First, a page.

For Special Immigrant Visa requests, please email

Photo of Englewood police vehicle

On May 25, 2020, the brutal death of George Floyd shook many Americans to the core. Video footage of Mr. Floyd’s last moments revealed systemic racism that permeates many corners of our society, and the challenges that people of color face on a regular basis. Through the leadership of the city council, the police department, the city manager’s office, and a dozen or more resident activists, the city of Englewood was one of the first cities in Colorado to begin police reform work within weeks of this tragedy.

These efforts, including the creation of a Police Reform Task Force, built on the past work of the Englewood Police Department to continuously review procedures and policies and to focus on community engagement.

On June 4, 2020, Mayor Linda Olson and Police Chief John Collins released a joint statement on the death of George Floyd, and introduced the process that the city would take to address racism and undertake police reform. As the first step outlined in the Mayor’s Pledge to Reimagine Policing, the Englewood Police Department began work on a comprehensive report to the community on current policing policies and practices. Mayor Olson signed the Mayor’s Pledge to Reimagine Policing, a pledge developed by the My Brother’s Keeper Alliance that asks communities to engage their residents and review policing policies through the following four steps:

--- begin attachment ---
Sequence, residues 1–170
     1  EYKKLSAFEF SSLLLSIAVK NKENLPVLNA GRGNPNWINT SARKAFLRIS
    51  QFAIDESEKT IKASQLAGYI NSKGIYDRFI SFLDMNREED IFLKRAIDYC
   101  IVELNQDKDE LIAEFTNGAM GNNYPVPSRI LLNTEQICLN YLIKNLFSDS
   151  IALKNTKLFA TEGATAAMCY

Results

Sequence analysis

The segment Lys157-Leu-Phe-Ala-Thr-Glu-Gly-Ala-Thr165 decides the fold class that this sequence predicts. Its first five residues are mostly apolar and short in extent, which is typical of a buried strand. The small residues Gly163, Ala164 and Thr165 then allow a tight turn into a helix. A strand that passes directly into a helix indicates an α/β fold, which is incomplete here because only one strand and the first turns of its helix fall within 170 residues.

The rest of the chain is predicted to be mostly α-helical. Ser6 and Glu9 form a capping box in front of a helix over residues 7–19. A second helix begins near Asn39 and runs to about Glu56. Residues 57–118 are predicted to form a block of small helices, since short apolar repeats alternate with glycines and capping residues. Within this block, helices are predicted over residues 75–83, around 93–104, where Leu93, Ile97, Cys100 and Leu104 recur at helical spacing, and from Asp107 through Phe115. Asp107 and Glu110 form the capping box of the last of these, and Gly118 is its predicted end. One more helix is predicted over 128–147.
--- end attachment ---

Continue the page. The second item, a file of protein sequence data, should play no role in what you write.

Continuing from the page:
1. Review the police use-of-force policies in my community.

2. Engage my community by including a diverse range of input, experiences, and stories in our review.